Censorship

Egypt court sentences Lebanese tourist to 8 years in prison for video she posted on Facebook

Mona el-Mazboh. (Twitter)

There are often consequences for Facebook posts that go viral — but rarely are they this severe.

A Lebanese woman who posted a Facebook video criticizing Egypt was sentenced to eight years in prison by a Cairo court over the weekend, Reuters reports. In the 10-minute video, Mona el-Mazboh spoke out about the sexual harassment she says two men subjected her to during her visit, called Egypt a “son of a bitch country” and commented on poor service by a taxi driver. She also referenced President Abdel Fattah al-Sisi by telling Egyptians, “You deserve what Sisi is doing to you, I hope God sends you someone more oppressive than Sisi,” according to Reuters, which first reported on the story. Her Facebook video went viral, even though she quickly took it down and also posted an apology video.

Under Egyptian law, “defaming and insulting the Egyptian people” is a crime, according to The New York Times, and Mazboh was arrested in Cairo at the end of her visit.

Mazboh, who is reportedly 24, was found guilty of “deliberately spreading false rumors that would harm society, attacking religion, and public indecency,” according to judicial sources.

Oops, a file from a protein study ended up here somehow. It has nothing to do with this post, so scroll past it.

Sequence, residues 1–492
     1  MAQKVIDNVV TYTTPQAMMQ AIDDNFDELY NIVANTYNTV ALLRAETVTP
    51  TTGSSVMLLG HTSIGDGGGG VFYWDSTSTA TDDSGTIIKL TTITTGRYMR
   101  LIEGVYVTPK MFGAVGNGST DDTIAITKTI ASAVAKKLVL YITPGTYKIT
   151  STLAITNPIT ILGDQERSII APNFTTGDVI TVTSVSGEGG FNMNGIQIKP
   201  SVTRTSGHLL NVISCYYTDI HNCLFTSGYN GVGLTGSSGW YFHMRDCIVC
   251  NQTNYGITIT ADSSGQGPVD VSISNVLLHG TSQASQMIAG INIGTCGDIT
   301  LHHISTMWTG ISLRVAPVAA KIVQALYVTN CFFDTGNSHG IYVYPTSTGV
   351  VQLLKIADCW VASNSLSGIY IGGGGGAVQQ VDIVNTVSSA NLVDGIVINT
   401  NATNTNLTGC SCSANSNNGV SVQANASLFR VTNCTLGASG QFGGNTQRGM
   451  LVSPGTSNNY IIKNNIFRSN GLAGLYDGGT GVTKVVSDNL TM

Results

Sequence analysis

Emad Kamal, Mazboh’s lawyer, submitted to the court evidence that his client was suffering from depression and an inability to control anger due to complications following surgery for a blood clot.

The severe ruling will next head to an appeal court at the end of the month, but the maximum punishment signals to activists that the country has traveled a long way in the wrong direction after the Arab Spring revolution in 2011 that led to the overthrow of Hosni Mubarak.

The Human Rights Watch also reported on an increasing crackdown in the country that is “unjustly [prosecuting] journalists, activists, and critics for their peaceful criticism” through emergency courts under the guise of counterterrorism measures. It’s hard to imagine criticism being conflated with counterterrorism, but then again — the world is watching it happen.

And in Egypt, women are being prosecuted for some of the most mundane things, like joking. Earlier this year, an Egyptian pop singer was sentenced and fined for making a joke about the Nile River while onstage during a performance last November. Sherine Abdel-Wahab jokingly suggested that the Nile is polluted and that people would be better off drinking Evian bottled water. A huge public backlash ensued and in February, the singer was sentenced to six months in prison and fined the equivalent of $560, but an appeals court overturned the conviction in May. Still, the fact that she was prosecuted for making a joke about a river is unsettling.

And last year, a report by Thomson Reuters Foundation found that Cairo, Egypt’s capital, is the most dangerous city in the world for women.

Read the full story at Reuters.

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